Coach's Corner

A selection from frequently–asked questions

Dear Coach,

Three months ago I was appointed President of a medium-sized, engineered products company and have discovered that it’s in much worse shape than described. I’ve studied every aspect; structure, key personnel, systems and processes and even commissioned a full staff survey. My conclusion is that I need to replace the current General Manager.

My challenge is that he’s been here less than two years, coming from out-of-province, and his family are still in the process of moving here.  I know that he has to go but I’m concerned that his dismissal is going to raise an inappropriate storm of sympathy – he’s a nice guy! I don’t want to be the bad guy!


You are indeed challenged – you need to do the right thing; you also have to avoid unintended consequences. So far you appear to have done all the right things, gaining an understanding of the situation from every aspect. You’ve made a careful diagnosis in context and all this before deciding and prescribing action – well done!

Your course of action must now be based on two principles – fairness and dignity.

At this point you have to consider two fundamental questions. Firstly, has the General Manager been made fully aware of what was expected of him, his performance shortfalls, and has he been given time and support for a remedial course of action? It often happens that at least one of these factors has been neglected – a lack of clarity, constructive feedback and/or proper opportunity for correction.

The evidence to support each of these points should have been properly and fully documented so that there’s no reasonable doubt. You owe it to the individual and the organization to protect the investments already made in this person; unplanned dismissals are costly in many ways!

Absence of a clear and specific mandate is common, and also unprofessional. It’s not prudent to assume that even an experienced and well-intentioned individual will fully grasp and accommodate the expectations of others without extensive discussion and confirming summaries.  My preference is a mandate which spells out what is expected in terms of the scope of the position, the available resources and restraints that apply, the specific deliverables with due dates and the relevant timings for starts, reviews and renewals.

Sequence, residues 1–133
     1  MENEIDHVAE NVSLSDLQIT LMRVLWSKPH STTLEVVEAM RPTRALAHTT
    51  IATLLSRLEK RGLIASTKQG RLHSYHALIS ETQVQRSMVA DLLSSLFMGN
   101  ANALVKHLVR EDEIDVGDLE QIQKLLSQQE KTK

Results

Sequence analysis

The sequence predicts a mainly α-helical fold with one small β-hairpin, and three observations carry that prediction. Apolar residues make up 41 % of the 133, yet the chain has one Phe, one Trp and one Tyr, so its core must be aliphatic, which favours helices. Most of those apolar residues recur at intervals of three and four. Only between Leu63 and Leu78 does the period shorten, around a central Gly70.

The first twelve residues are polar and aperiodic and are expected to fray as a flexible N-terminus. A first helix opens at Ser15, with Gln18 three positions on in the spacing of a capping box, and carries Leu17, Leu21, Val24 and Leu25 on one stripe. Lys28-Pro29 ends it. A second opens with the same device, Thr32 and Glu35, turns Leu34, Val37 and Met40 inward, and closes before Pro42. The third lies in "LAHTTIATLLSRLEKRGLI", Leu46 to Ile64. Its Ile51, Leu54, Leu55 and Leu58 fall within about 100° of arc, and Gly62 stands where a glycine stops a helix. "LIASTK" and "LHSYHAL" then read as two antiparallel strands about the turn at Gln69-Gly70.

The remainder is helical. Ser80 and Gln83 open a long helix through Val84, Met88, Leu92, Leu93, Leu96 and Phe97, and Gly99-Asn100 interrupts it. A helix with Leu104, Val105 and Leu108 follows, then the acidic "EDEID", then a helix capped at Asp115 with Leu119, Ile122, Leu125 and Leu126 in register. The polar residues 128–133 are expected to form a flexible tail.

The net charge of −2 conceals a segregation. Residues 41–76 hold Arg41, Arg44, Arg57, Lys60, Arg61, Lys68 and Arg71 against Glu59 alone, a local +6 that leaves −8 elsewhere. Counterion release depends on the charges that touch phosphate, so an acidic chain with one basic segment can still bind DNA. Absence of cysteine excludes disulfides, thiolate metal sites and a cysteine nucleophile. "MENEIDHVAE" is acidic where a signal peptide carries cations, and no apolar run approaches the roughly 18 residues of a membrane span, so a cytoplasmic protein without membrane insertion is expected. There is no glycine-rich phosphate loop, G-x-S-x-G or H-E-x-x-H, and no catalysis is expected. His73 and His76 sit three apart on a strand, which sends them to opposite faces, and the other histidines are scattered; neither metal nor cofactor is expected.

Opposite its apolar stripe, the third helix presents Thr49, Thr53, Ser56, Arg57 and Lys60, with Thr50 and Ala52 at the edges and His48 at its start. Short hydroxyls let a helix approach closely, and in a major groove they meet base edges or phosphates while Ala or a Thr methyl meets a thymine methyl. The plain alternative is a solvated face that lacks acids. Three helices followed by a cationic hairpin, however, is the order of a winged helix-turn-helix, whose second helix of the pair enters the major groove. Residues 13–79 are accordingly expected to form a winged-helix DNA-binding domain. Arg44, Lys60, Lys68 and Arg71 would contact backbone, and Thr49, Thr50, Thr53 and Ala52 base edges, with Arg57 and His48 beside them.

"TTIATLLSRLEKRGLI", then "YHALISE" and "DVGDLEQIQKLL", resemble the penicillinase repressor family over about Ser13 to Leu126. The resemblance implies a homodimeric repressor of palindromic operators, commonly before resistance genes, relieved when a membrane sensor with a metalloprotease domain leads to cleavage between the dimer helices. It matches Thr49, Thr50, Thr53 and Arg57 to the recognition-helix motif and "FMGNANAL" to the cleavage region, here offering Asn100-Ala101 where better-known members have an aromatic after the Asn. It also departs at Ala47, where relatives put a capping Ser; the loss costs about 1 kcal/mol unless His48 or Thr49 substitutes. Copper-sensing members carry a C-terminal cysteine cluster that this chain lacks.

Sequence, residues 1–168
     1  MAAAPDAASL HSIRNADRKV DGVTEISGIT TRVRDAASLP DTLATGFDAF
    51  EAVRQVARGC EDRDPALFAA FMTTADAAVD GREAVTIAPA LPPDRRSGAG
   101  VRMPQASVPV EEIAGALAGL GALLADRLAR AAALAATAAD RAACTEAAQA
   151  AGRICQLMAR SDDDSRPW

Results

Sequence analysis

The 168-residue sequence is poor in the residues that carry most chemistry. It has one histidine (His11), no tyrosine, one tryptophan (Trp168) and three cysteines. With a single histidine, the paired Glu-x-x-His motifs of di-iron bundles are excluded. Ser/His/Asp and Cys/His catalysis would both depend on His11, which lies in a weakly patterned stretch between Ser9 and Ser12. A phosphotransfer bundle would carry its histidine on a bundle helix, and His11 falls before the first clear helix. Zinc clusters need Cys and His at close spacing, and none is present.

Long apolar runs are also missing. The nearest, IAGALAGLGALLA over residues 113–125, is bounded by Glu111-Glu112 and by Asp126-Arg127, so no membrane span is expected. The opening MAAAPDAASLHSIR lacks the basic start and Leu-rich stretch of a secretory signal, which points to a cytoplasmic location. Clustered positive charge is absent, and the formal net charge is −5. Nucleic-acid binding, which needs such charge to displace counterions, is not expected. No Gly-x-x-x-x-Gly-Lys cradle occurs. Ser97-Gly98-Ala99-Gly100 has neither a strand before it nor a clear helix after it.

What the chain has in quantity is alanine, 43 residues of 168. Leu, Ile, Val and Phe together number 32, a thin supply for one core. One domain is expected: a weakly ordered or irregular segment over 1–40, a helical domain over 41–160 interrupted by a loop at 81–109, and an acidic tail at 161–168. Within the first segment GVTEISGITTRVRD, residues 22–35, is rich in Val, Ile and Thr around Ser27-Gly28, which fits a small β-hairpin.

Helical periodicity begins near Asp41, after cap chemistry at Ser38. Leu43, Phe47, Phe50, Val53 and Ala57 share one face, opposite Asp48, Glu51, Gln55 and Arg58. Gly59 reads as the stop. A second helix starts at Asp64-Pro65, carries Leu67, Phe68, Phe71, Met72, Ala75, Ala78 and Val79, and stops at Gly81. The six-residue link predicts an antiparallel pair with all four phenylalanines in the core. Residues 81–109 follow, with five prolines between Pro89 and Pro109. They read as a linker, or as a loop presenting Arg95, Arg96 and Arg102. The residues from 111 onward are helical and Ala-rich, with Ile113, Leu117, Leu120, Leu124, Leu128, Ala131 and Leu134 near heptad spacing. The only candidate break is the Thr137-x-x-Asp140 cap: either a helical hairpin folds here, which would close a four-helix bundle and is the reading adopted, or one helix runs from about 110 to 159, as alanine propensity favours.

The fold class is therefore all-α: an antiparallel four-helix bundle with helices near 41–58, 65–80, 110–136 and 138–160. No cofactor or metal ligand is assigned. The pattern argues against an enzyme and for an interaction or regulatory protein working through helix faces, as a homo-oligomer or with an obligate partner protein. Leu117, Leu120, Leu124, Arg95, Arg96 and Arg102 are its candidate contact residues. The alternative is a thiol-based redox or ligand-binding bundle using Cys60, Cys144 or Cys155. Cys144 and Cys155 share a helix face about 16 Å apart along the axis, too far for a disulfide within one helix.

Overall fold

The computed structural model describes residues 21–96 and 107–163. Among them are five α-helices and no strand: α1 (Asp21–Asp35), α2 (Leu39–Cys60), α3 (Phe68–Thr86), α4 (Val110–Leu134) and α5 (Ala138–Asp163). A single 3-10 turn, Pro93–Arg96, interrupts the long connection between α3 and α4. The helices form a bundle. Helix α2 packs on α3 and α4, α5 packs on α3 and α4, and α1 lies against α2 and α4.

Assuming this has been done and the performance gaps are also obvious and irrefutable, the needed corrective action, resources and time involved are frequently inadequately defined. Performance can rarely be radically improved without a deliberate plan which is constructed and supported by key people. Prior, mutual understanding is foundational to fairness.

Let me assume (always a dangerous practice) that you have satisfied yourself that all this has been properly done so we can move to the second question. It’s based on incontestable evidence that everything has been revealed and negotiated so that the desired performance improvements have had a chance to be realized.

You have been as fair as you are able under the circumstances.

How do you now proceed in a way that preserves dignity for all concerned? For certain, your decision is unlikely to be universally accepted; there will always be those who would move the earth to protect others, even from helpful changes. On the other hand, there are many too who are wondering how much longer they will be expected to tolerate deficient performance.

Let’s be clear; you are helping no one by avoiding corrective action, up to and including the dismissal of someone who is failing in the role. If the person is unable to meet the demands of their current role, despite careful and considered guidance, then you are not helping them by leaving them in place. You must act to protect and sustain all those who are adversely affected by the poor performance, and in this case, it’s the entire organization.

The decision will be painful for the General Manager certainly, but if he’s aware that he’s under-performing, I doubt that he enjoys getting up for work every day. It cannot be fulfilling to know that you’re floundering, that others are hurting because you are not in the right place at the right time, and that disaster could strike at any moment.

Quickly and respectfully relieve them of the role even if you do not yet have a full-blown replacement. I’ve witnessed individuals being left in situ for months and even years knowing that a replacement was being sought but not yet identified. The damage this causes to all concerned is immeasurable. It would be better to allow, perhaps encourage, junior staff to share the duties of the role with proper oversight than to leave someone in this kind of purgatory.

Let’s return to our General Manager, at best only partially responsible for the imprudent appointment decision, who now finds his world turned upside-down. He will need help with his transition to the next phase of his career, and this could include severance pay, honest references, public relations support, relocation counselling and time. If candour and respect are prominent in planning for this transition the damage you fear will be minimized.

You will be judged on two counts – have you acted fairly, and it’s clear that you have through careful examination and consultation across the board, and have you acted with dignity and respect. You have to make the tough decisions as President and they’ll not always be popular with everyone but they must always be fair and dignified for all concerned.

I hope this helps.